I read in an old book the following example of a measure: For the set M = <mrow class="MJX

lilmoore11p8 2022-07-14 Answered
I read in an old book the following example of a measure: For the set M = Q [ 0 , 1 ] denote with S the set system of subsets of M of the form Q I, where I is any interval in [0,1]. Let us define the function μ : S R as follows: for any set A S of the form A = Q I we set μ ( A ) = ( I ) = b a ..
Then it said without proof that μ is finitely additive, but not σ-additive.
As I did not get why I tried to prove it by myself and I tried to show that S is a semi-ring, I guess that is important before I start with the other proof.
We have Q and furthermore ( Q I 1 ) ( Q I 2 ) = Q I 1 I 2 and the union of two closed intervals is either an interval or the disjoint union of two intervals. Then ( Q I 1 ) ( Q I 2 ) is also an interval or the disjoint union of two intervals.
Now the proof. I do not quite understand how it cannot be σ-additive. Does it have something in common with Cantor sets? I don´t know how to start the proof here. Any help or explanation (maybe an idea for the beginning of a proof) is appreciated. If there is a proof...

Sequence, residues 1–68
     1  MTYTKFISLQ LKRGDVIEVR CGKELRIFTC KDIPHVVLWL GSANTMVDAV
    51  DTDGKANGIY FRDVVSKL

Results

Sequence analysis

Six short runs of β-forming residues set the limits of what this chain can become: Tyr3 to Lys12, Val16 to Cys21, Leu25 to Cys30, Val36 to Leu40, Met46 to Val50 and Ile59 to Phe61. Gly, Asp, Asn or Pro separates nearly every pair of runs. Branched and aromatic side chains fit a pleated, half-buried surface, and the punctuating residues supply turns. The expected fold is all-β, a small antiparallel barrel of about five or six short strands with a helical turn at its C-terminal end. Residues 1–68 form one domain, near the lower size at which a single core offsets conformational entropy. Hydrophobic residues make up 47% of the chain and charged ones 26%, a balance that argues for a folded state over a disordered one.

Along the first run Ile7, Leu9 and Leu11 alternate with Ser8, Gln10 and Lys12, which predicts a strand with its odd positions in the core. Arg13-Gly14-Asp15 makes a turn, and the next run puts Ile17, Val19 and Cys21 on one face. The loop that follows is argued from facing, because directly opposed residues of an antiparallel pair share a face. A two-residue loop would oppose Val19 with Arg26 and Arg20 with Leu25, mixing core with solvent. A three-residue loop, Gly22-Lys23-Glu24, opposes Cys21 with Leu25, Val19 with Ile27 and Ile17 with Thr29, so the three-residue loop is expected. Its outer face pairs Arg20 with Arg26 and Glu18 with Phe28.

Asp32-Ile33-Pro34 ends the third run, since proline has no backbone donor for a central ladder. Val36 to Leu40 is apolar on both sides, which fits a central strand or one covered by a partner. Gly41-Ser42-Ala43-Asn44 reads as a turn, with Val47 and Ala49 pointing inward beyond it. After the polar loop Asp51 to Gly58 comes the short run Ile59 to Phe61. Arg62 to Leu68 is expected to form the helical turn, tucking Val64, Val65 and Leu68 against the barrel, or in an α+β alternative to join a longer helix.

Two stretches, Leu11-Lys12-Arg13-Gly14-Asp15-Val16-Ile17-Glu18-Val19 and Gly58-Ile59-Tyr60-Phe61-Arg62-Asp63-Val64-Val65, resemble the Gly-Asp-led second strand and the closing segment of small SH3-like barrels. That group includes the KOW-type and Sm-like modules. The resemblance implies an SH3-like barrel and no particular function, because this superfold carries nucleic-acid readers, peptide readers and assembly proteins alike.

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Answers (1)

Danika Rojas
Answered 2022-07-15 Author has 9 answers
If μ is σ-additive then for disjoint suitable sets A n it must satisfy:
μ ( n = 1 A n ) = n = 1 μ ( A n )
From this it can be deduced that for suitable sets B n (not necessarily disjoint) it must satisfy:
μ ( n = 1 B n ) n = 1 μ ( B n )
Now for every r M choose an interval I r with r S r = Q I r S .
If μ is indeed σ-additive then:
1 = μ ( M ) = μ ( r M S r ) r M μ ( S r ) = r M l ( I r )

However it is easy to choose the intervals I r in such a way that:
r M l ( I r ) < 1
and doing so we run into a contradiction.

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